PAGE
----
Bernard Lee

Last year, aside from turning 30 and celebrating it by getting myself a kirituhi or a tattoo, I had the amazing opportunity to be Mr. Gay New Zealand.

Straight after the celebrations of being crowned, it was back to work for myself and the rest of the crew of Out in the Park.

As one of the coordinators, the highlights were being part of the opening of the week-long Wellington Pride Festival at the Parliament to commemorate the 30th anniversary of the Homosexual Law Reform right to the actual Out in the Park itself in March.

I then had the incredible opportunity to be a part of Mr. Gay World 2016 held in Malta.

The friendships formed were undoubtedly something I took out from the memorable event.

Especially having to hear first-hand how LGBT+ rights are being denied in Syria and Turkey. It was an experience like no other.

Mr Gay World 2016 Roger Gosalbez and Bernard Lee in Malta - supplied
Mr. Gay World 2016 Roger Gosalbez and Bernard Lee in Malta – supplied

When I returned from Malta, the 2nd phase of Love Your Condom’s national campaign, where I had the immense pleasure to be a part of, went public with posters and billboards up.

Seeing ourselves on billboards did not come naturally to me but it definitely got some heads turning.

Bernie Lee on a billboard in AucklandBecause I do not have any biological family here, being a member of the New Zealand AIDS Foundation has made it easier for me to find my own whānau or extended family.

I had the pleasure to share my story as a volunteer through them.

June last year lead me to something I have never done – judging Ms. Capital Drag at Ivy Bar.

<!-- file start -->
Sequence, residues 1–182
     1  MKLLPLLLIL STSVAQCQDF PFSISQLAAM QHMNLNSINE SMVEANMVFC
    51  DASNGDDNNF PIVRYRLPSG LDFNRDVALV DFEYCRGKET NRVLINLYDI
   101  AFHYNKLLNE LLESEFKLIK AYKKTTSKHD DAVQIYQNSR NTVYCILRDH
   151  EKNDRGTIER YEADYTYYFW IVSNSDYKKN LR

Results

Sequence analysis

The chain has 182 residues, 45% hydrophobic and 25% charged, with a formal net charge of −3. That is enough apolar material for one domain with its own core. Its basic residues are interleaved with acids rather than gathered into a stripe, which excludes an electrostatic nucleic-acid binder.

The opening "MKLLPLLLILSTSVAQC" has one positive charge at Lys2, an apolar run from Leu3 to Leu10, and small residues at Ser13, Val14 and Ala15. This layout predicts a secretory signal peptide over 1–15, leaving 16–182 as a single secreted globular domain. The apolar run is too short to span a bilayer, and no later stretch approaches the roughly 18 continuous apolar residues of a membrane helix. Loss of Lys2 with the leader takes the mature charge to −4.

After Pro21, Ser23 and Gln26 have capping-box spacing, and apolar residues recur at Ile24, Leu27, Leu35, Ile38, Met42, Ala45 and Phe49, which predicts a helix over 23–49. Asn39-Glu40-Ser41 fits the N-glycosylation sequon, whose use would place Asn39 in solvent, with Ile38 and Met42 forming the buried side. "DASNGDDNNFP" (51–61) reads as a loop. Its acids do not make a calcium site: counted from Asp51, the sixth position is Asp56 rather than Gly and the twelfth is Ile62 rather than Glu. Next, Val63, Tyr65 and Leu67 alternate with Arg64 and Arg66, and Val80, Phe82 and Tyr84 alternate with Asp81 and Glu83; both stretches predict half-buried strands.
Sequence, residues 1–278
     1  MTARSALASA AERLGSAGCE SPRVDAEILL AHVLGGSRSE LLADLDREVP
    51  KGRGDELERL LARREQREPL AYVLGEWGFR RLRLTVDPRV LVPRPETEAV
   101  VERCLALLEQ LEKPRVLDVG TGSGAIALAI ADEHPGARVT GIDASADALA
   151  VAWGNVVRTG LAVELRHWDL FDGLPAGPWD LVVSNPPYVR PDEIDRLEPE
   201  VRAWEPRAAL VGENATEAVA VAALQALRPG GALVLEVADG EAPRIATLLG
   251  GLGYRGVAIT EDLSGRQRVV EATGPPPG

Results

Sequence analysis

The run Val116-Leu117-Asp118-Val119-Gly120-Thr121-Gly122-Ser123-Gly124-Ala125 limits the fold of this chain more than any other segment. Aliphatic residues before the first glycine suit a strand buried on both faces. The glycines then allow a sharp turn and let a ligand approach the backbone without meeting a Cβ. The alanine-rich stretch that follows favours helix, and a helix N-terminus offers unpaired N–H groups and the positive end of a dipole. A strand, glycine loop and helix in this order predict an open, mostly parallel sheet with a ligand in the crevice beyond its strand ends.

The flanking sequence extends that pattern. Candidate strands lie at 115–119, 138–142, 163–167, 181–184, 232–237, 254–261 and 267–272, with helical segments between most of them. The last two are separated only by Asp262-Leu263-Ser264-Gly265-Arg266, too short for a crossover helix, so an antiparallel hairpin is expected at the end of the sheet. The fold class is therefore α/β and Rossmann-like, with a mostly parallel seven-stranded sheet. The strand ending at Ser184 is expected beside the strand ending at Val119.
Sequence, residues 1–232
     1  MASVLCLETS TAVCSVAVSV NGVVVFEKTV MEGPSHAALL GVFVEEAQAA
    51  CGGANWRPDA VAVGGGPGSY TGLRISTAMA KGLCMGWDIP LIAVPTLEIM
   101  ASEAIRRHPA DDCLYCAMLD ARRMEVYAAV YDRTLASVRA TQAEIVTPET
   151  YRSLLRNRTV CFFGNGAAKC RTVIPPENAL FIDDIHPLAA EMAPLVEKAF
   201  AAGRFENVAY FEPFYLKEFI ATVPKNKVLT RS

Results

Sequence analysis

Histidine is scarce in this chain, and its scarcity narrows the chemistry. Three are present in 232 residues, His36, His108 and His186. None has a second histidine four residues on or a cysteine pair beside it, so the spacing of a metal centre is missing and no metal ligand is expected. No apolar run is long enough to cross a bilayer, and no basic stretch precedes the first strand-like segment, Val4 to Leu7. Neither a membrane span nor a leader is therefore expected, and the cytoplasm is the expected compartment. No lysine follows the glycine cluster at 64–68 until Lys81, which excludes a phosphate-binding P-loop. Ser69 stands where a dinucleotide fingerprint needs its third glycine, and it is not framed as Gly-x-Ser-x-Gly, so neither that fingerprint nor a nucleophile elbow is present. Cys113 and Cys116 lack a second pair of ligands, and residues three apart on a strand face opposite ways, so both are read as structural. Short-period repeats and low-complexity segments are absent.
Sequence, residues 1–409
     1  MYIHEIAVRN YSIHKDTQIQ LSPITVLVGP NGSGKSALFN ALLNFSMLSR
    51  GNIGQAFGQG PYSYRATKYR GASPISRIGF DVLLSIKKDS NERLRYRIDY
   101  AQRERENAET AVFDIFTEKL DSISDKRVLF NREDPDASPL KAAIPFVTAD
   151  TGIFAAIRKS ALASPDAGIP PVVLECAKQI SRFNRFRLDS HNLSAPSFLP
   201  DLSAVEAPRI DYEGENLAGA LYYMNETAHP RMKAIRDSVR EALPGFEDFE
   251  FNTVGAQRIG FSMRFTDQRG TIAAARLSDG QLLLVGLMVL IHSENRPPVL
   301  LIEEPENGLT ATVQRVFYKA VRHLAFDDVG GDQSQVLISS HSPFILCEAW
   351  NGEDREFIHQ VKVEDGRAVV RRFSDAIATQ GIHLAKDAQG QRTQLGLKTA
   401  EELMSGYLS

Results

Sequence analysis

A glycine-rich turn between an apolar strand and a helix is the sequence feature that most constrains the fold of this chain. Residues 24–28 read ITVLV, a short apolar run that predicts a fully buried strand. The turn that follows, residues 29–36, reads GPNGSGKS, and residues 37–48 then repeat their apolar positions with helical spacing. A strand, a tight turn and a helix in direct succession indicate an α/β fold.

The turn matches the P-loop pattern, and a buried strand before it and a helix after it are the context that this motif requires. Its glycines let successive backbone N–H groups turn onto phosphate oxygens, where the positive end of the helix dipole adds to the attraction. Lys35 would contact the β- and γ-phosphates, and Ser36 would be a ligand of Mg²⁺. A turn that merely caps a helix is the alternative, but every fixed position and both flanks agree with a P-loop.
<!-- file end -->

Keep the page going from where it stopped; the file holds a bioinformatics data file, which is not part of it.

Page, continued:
That was also the month when the Orlando massacre occurred which shook the entire LGBT+ community worldwide.

My whānau at Tiwhanawhana performed at a candlelight vigil in solidarity with Orlando which organized by InsideOut at Frank Kitts Park.

Credit: Alex Efimoff

Being a member of Tiwhanawhana has allowed me to engage and be a part of a bigger whānau of takatāpui in our capital.

We had the privileged to perform for multiple queer events such as a tribute in celebration of Carmen Rupe’s traffic-lights on Cuba Street;

Photo by: Angelo Giannoutsos

Members of Tiwhanawhana performed at a fundraiser called “Leaving a Legacy” and collaborated with LAGANZ, the Archive for Rainbow Communities in celebration of Queer History Month in September.

Performed a dawn ceremony for “We Don’t Have to be the Building”, an assembled artwork that shares stories of activism and sexuality spanning the past 30 years, on Courtney Place by Sian Torrington.

Supplied

My whānau of takatāpui in Aotearoa has recently gotten bigger when introduced to Ahakoa te Aha for the first time during a hui at Tapu Te Ranga Marae, Island Bay and at the Hui Takatāpui ’16 held at Manukau Institute of Technology in November.

Noho Marae, Tapu Te Ranga Marae Photo by Bernard Lee

I had the amazing opportunity to participate in an Asian LGBTQI+ Research called “Coming Out of the Asian Closet” which explores experiences of LGBTQI+ Asians associated with poor health behaviours and outcomes in New Zealand.

This research was expertly conducted by Dumindri Amersasinghe at the University of Auckland (UoA).

Participants of the Hui Takatāpui 2016 held at Manukau Institute of Technology. Photo by: Bernard Lee

My journey as Mr. Gay New Zealand was worth wide and I enjoyed every bit of it.

It allowed me to engage outside my comfort zone and grow not just as a gay man living in NZ but a better person.

Mr Gay New Zealand 2017 Charlie Tredway with 2015 winner Matt Fistonich (Left) and last years winner Bernard Lee (Right).
Mr. Gay New Zealand 2017 Charlie Tredway with 2015 winner Matt Fistonich (Left) and last year’s winner Bernard Lee (Right).

Judging this year’s Mr. Gay New Zealand was tough as some of the guys are close mates of mine.

But now we have a new Mr. Gay New Zealand, Charlie Tredway, I am hoping to work with him in ensuring future role models represent New Zealand on the world stage because our younger generations need someone to look up to and representation is greatly needed in our day and age.